Chapter 3, concerning the power and politics of Russia and Gazprom, provides a resonance for more historical and deeper geopolitical threats. The build-out of the Soviet gas system to eastern and western Europe during the Cold War sets the continent up for political-economic tensions over gas deliveries. This tension plays out both between Russia and Europe, and among European Union member states, who adopt diverging strategies of engagement with Russia. This geopolitical tension is more deeply addressed in chapter 4, which provides a well-grounded and deep analysis of the problems and politics at the heart of eastern European dependence on Russia. Grigas goes on to provide well-explained summaries of the politics in gas-rich countries of the Caucasus and Central Asia. She finishes the book with the emerging role of China as both a global player seeking to secure lines of supply into the country and as a large domestic producer with robust deposits of shale gas. Within the chapters the author expertly walks the reader through the technology of LNG, gas extraction, transit, and how international gas markets operate.
The regional divisions within the chapters obscure some of the more important thematic dimensions of the book. This also results in the dilution of its long-term contribution to the topic of gas geopolitics and economics. Buried within chapter 5 is one of the most important assertions of the book: the loss of Crimea to Russian military invasion was facilitated by Ukraine’s gas debt to Russia. The loss occurred because of the “huge, mismanaged energy debts” of Ukraine resulted in the country agreeing to Russian demands for a “debt-for-fleet” lease agreement in 1997 (p. 187). In exchange for Russia writing off $762 million owed by Ukraine to Russia’s Gazprom, Russia would be permitted to station its “Black Sea Fleet, together with ground forces and aircraft, in the Crimean city of Sevastopol until 2017” (p. 187). These forces, combined with the Russian media outlets in Sevastopol, played instrumental roles in the 2014 take-over of Crimea by Russia. Ukraine also lost most of its offshore gas reserves in the Black Sea and the Sea of Azov. Gas geopolitics are not only about effervescent economic markets, trading platforms, and LNG tankers. Russia’s land-grab demonstrates that the new geopolitics of gas is also about territorial sovereignty and war. Territorial disputes across the globe, particularly in relation to undersea deposits, might spark other military conflicts in the Middle East and Asia. The new geopolitics of gas has the potential to foster instability in the post-Cold War order.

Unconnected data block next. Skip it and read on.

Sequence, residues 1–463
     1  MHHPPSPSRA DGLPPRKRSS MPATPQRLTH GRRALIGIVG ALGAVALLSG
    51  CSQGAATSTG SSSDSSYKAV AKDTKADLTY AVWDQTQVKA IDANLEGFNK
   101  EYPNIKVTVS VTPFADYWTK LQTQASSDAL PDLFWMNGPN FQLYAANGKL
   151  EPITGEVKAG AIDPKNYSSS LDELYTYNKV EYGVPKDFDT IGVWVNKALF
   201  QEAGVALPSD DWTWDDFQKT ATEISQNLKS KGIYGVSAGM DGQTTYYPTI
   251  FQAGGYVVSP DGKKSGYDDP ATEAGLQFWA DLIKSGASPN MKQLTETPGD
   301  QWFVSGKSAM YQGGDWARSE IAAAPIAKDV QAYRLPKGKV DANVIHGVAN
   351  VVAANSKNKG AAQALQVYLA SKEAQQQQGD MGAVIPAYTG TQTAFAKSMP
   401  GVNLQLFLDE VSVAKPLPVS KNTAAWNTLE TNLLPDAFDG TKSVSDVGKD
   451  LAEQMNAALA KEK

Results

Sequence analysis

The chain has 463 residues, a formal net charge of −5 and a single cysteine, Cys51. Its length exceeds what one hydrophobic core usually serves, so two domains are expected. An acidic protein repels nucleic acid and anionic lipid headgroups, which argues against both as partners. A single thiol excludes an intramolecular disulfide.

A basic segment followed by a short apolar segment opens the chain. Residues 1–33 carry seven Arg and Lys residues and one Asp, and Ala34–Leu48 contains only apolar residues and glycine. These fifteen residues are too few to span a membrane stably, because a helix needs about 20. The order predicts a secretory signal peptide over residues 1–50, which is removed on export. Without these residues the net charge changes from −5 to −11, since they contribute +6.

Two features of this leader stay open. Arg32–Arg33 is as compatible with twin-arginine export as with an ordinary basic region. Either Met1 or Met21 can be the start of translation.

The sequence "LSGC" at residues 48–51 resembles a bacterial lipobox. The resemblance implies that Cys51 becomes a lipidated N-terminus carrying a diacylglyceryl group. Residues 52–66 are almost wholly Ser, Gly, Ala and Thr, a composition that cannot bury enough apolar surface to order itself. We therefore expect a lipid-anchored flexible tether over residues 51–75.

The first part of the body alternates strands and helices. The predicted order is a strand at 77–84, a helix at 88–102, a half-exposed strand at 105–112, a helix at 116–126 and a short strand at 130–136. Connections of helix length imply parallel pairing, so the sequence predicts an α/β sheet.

This book provides a well-researched account of the new geopolitics of gas in Europe and globally. Notably, it joins important books on the geopolitics of gas in Europe. These include Red Gas by Per Högselius (2013), which provides a deep account of the activities of Gazprom and the Russian state using energy as an influential weapon in Europe. Previously, Crisis amid Plenty by Thane Gustafson (1989) served as an influential account of the building and expansion of gas pipelines westward into Europe. Additionally, Grigas provides a good, updated summary on the politics of gas in the former Soviet Union. Previously, Margarita Balmaceda provided this perspective in her book Energy Dependency, Politics and Corruption in the Former Soviet Union (2007). The New Geopolitics of Gas serves as a strong place-marker and makes a significant contribution to understanding the new energy geopolitics in the twenty-first century.
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Michael Labelle. Review of Grigas, Agnia, The New Geopolitics of Natural Gas.
H-Diplo, H-Net Reviews.